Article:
Nevertheless, court said that it will, address the claim construction dispute and apply this construction to the evidence presented at trial. With respect to claim language, court said that it supports Galderma’s position. The absence of an explicit structural requirement in the asserted claims suggests that the inventors intended “portion” by itself not to impose a structural requirement. With respect to specification, court said that it too does not provide strong support for either side’s proposed construction. The term “portion” is used four times in the specification and none of those uses indicates that the term is being used in a restrictive or narrowing manner. Nothing in this usage of “portion” indicates that the patent is using the term to refer to a physically or structurally discrete part of the composition. Prosecution History and Amneal IPR supports Sun’s proposed construction. But court said that for purposes of determining the proper construction of the “portion” terms to apply in the instant litigation, the IPR provides some limited- but not dispositive, and, ultimately, not sufficiently persuasive- support for Sun’s proposed construction. Court also looked into extrinsic evidences & said that the definitions provide support for Galderma’s proposed constructions and none for Sun’s, as they do not suggest that “portion,” in general usage, is narrowly limited to structurally discrete parts. Hence, court concluded that that a POSA would understand the “portion” terms to have a broad, functional meaning, rather than a narrow, structural meaning.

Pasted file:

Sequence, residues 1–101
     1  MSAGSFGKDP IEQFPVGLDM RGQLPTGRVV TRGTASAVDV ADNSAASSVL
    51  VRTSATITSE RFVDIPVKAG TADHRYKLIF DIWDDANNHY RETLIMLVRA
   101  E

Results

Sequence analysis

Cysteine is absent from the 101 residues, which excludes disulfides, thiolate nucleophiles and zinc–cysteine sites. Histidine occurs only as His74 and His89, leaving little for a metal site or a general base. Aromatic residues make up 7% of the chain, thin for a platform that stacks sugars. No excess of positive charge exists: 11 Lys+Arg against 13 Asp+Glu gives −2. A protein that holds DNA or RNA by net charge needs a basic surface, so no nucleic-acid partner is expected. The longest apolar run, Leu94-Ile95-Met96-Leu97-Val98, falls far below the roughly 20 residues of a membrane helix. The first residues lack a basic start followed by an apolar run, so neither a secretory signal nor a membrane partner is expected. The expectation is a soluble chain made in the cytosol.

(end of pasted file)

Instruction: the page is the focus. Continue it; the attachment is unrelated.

Court therefore held that under this construction Sun’s NDA Product satisfies immediate release & delayed release portion limitations of claim. Moreover, Sun has not proven by clear and convincing evidence that the asserted claims of the patents are invalid due to obviousness.